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Lennon spurred on by Tottenham's managerial template

WHERE would Celtic fit into the Barclays Premier League?

And where, for that matter, would Neil Lennon? Since the Northern Irishman caught the attention of world football by triumphantly leading Celtic into the last 16 of the Champions League in late 2012, a dozen managers have been appointed in the top division south of the border, only four of whom have been British passport holders.

But more worryingly than that, at least for Lennon's career prospects, is the fact that all but one, to a lesser or greater degree, of that tiny band of bosses had previously served their time in the English top flight. Mark Hughes was given a second chance at Stoke, Tony Pulis, formerly in that role, came in at Crystal Palace, then of course there is the progress of Everton old boy David Moyes at Manchester United.

Fashions are everything in football and where there suddenly seems to be a fad for a fresh face, it also tends to be foreign. Perhaps inspired by the Roberto Martinez factor, the appointments of Pepe Mel at West Brom, Ole Gunnar Solskjaer at Cardiff, Fulham's Rene Meulensteen and Gus Poyet at Sunderland suggest the old-school British manager is an endangered species.

While Lennon is hardly agitating for a move away from Parkhead, this is a highly unfortunate development for a manager whose achievements are worthy of consideration in that list, not to mention placing him ahead of interlopers at clubs lower down the English food chain, such as Uwe Rosler at Wigan, Aitor Karanka in Middlesbrough and Oscar Garcia at Brighton.

It all means no-one is rooting more than Lennon for a successful conclusion to the one exception which proves the rule, Tim Sherwood at Tottenham Hotspur, even if rumours persist he may only be keeping the seat warm for Louis van Gaal's arrival in the summer.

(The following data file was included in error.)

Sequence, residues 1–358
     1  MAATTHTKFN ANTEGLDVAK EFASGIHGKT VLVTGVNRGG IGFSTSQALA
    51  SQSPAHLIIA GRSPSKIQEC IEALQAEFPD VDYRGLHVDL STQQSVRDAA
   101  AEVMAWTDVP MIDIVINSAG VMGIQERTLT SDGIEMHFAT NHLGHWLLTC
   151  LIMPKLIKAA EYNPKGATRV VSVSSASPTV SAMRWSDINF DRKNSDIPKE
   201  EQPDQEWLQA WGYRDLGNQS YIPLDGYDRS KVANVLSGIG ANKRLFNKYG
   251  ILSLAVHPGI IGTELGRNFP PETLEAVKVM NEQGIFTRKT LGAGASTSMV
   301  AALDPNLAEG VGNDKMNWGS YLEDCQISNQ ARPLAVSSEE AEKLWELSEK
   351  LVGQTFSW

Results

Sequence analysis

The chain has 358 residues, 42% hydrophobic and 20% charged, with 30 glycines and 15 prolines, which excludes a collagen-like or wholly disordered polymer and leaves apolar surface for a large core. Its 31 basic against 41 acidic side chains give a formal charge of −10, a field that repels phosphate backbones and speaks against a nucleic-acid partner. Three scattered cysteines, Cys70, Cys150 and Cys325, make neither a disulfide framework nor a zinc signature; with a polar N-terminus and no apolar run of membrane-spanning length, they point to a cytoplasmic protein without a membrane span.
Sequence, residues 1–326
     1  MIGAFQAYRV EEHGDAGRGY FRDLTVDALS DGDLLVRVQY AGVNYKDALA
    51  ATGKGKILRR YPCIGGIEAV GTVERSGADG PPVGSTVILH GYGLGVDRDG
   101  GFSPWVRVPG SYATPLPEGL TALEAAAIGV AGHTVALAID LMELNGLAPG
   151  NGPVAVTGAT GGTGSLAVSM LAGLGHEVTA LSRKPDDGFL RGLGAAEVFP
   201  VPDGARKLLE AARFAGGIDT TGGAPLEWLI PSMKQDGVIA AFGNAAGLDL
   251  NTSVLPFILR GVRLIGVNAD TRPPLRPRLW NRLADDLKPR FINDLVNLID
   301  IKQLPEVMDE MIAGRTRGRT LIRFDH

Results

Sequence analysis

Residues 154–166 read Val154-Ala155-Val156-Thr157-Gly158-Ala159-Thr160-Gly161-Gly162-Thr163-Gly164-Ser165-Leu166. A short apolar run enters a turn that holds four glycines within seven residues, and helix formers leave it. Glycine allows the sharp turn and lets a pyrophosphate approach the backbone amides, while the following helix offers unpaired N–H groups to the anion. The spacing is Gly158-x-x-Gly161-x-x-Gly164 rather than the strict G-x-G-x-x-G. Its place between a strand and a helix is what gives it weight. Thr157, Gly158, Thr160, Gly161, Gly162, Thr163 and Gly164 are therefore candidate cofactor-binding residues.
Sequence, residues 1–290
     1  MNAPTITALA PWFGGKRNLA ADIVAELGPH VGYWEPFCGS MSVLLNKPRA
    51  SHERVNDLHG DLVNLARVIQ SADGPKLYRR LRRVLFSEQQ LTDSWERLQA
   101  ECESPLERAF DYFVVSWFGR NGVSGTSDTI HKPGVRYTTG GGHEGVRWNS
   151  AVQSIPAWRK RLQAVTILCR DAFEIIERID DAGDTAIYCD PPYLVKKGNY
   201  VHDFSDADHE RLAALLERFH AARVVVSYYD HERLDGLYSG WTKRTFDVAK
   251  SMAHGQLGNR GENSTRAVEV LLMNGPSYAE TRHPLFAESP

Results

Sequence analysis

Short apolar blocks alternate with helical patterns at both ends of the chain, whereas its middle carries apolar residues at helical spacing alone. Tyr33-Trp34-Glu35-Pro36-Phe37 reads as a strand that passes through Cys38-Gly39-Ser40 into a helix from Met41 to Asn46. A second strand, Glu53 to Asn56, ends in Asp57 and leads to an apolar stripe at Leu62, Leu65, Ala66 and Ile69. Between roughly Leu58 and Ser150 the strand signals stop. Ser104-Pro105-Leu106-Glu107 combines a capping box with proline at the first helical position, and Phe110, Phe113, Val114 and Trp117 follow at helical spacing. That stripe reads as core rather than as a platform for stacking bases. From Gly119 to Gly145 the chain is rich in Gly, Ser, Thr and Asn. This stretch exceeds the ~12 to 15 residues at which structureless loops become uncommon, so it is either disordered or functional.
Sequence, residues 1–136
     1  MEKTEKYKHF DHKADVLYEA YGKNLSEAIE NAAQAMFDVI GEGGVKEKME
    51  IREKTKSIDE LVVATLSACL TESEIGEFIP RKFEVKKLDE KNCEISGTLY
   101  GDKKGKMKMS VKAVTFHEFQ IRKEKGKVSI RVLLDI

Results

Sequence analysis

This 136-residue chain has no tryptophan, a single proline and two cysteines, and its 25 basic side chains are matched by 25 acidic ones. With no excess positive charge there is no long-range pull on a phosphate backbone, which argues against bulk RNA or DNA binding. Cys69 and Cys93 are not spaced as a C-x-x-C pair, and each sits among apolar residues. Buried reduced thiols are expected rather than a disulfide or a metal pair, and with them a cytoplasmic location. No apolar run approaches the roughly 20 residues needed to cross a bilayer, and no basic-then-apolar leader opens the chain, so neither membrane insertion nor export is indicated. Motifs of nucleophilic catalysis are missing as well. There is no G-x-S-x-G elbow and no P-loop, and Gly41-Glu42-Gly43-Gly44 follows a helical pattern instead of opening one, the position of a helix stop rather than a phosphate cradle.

"What I think is with my own group of players we would be OK in the Premier League," Lennon said. "We would hold our own. There is quality down there, no question about it, but there is a lot of mediocrity as well. Top 10? Maybe not top 10, but mid-table anyway. I don't think we would be in the relegation dogfight. There is an influx of foreign managers coming into the game again.

"There seems to be more of a template now where the manager's role is getting taken over by the director of football, or technical director and what they bring in is a head coach who just looks after the football department. To me, a head coach is a manager, that is just another title for it. What you want really is continuity at clubs, which is not the norm at the minute.

"What pleased me more than anything this season was Tim Sherwood getting the job at Tottenham. He had been around there for a while. He knows the club, he knows the younger players a bit like I did here myself and I am hoping Tim will be a success and give the British managers a shot in the arm - which they need."

Sherwood had left Blackburn by the time Celtic met them en route to Seville in 2003, but the paths of the two feisty midfielders did cross. "I didn't really know him, but I played against him," said Lennon. "Sutty [Chris Sutton] knows him quite well from his days at Blackburn. He is a good character, Tim. He has a good eye for a player and he has a big personality as well. Maybe Andre Villas-Boas didn't go like they wanted it to and now they have a manager in who knows the club inside out. Sometimes that is important and the way the results have gone for him so far it looks it has been a very shrewd move."

Lennon's comments only gained further currency when morning reports suggested he was being lined up as a potential replacement for Chris Hughton should Norwich City's troubles worsen.

As it is, until some club chairman is prepared to look north of the border, Lennon - the SPFL manager of the month for December - will continue trying to defy the law of diminishing returns in the shrinking soccer environment of Scottish football, having demoralisingly huge prices quoted at him for even humdrum Championship players. "You are always looking to improve," said Lennon. "But whether you can improve in the environment we are in is another thing. All you can do is keep getting results, keep looking to recruit well. It makes your job better when you have good players coming in."

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